France’s preparations for defending their world title suffered several blows before a ball was kicked with the loss of four potential first-choice players to injury, and their preferred left-back, Lucas Hernández saw his World Cup curtailed after 13 minutes of their opening game. But Les Bleus have thrived in adversity. In that opening match, France fell behind against Australia after just nine minutes but powered back to run out comfortable 4-1 winners. Before the tournament, Denmark had been expected to pose the biggest threat to France in the Group Stage, and the Danes clawed their way back into the Matchday 2 contest before Kylian Mbappé added his second to secure a sixth straight World Cup win for France for the first time ever. With a place in the Round of 16 already assured, coach Didier Deschamps made nine changes for the meeting with Tunisia — ending a run of 69 consecutive international starts for Antoine Griezmann. The absentees were missed, with France losing 1-0.
The defending champions never looked in any real danger in a comfortable 3-1 win over Poland in the Round of 16. Oliver Giroud opened the scoring — becoming France’s all-time leading goalscorer in the process — as they cruised into the last eight. They rode their luck against England, with the Expected Goals statistic favouring the Three Lions by 2.68 to 1.41. But once again, the much-maligned, Giroud was on hand to take advantage of Griezmann’s excellent cross. Les Bleus had only 43% possession and registered just five shots on target to England’s eight. They had to survive a late Harry Kane penalty but held on to provide England with a sense of déjà vu. In Qatar, France have averaged 54.8% possession and recorded 30 shots on target, while conceding 17.
Morocco have joined the likes of Bulgaria in 1994, and South Korea and Turkey, in 2002, as surprise World Cup semi-finalists. They began their tournament by holding Croatia to a goalless draw, a result that looks even more creditable with the Croats franking the form by reaching a semi-final of their own. Morocco’s upset win over top seeds, Belgium was a sign of things to come with two second-half goals enough to account for the side ranked number two in the world. Needing only a draw against Canada to guarantee a place in the knockout phase for the second time in their history, the Atlas Lions led after just four minutes, and prevailed 2-1, to top Group F.
If their giant-killing exploits against Belgium were impressive, the way they have disposed of Iberian giants Spain and Portugal, in successive matches, has been an even greater achievement. Spain had 77% possession, but Morocco allowed them only one shot on target, and after 120 goalless minutes, goalkeeper Yassine Bounou was the hero. The Sevilla ‘keeper saved two spot-kicks, and star man Achraf Hakimi converted the winning penalty to set up a quarter-final date with Portugal. From the minute, Youssef En-Nesyri broke the deadlock, Morocco looked capable of repelling Portugal and, in doing so they created history, becoming the first African side to reach the final four of a World Cup. En route to the semi-final, Morocco have survived on an average of 31.8% possession — they haven’t had more than 41% of the ball in any game — and have recorded 13 shots on target while allowing only nine.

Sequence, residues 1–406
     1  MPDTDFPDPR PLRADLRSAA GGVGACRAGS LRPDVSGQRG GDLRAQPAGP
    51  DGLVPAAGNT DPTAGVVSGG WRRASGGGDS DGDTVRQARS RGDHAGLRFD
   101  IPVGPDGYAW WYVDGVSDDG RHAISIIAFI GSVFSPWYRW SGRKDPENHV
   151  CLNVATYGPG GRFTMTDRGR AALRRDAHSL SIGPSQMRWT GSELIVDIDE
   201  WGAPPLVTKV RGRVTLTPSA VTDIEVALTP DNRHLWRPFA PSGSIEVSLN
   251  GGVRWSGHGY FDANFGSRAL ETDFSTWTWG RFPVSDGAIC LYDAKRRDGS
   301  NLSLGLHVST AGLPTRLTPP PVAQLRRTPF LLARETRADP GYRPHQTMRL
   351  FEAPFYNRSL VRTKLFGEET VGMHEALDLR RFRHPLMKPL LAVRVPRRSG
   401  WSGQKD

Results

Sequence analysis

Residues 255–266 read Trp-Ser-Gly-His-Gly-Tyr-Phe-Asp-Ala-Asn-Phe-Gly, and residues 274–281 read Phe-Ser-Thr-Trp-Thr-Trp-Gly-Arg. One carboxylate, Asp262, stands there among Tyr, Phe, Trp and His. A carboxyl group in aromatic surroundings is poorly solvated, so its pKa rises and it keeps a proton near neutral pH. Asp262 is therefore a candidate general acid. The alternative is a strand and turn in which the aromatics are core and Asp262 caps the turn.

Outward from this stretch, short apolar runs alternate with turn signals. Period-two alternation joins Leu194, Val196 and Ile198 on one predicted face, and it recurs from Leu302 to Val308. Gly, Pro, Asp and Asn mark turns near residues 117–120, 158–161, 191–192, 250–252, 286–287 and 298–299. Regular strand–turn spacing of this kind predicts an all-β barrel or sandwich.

After a brief dalliance with three at the back, French coach, Didier Deschamps committed to a back four, opting for a 4-2-3-1 formation in four of France’s five games. Moroccan manager, Walid Regragui has been as steadfast in his retention of 4-3-3 as his team have been stoic in defence. That defensive unit looks set to have to do without centre-back Romain Saïss, who was stretchered off against Portugal, while reserve forward Walid Cheddira is suspended, following his red card.
Ranked 22nd according to FIFA, Morocco have only conceded one goal in eight matches under Regragui, and that was an unfortunate own goal when they were already 2-0 up against Canada. Fiorentina’s defensive midfielder, Sofyan Amrabat, has been outstanding in his role screening in front of their back four. Having beaten/eliminated teams ranked second, seventh, and ninth in the world, they now face fourth-ranked France. The north African side has only lost two of their past 45 matches. It will be the first meeting of these two nations since 2007, and Morocco is yet to beat France, with two draws and five losses in seven previous encounters. Five of the Moroccan squad earn their living in France, and they will be hoping to use their familiarity with their opponents in the same way that a Senegal team rudely dubbed “France B“ did in 2002 when knocking the reigning world champions out of the tournament. A Moroccan win would top that, and all the Atlas Lions’ fantastic accomplishments in this tournament. But France are firm favourites to move a step closer to becoming the first team to defend the trophy since Brazil, in 1962.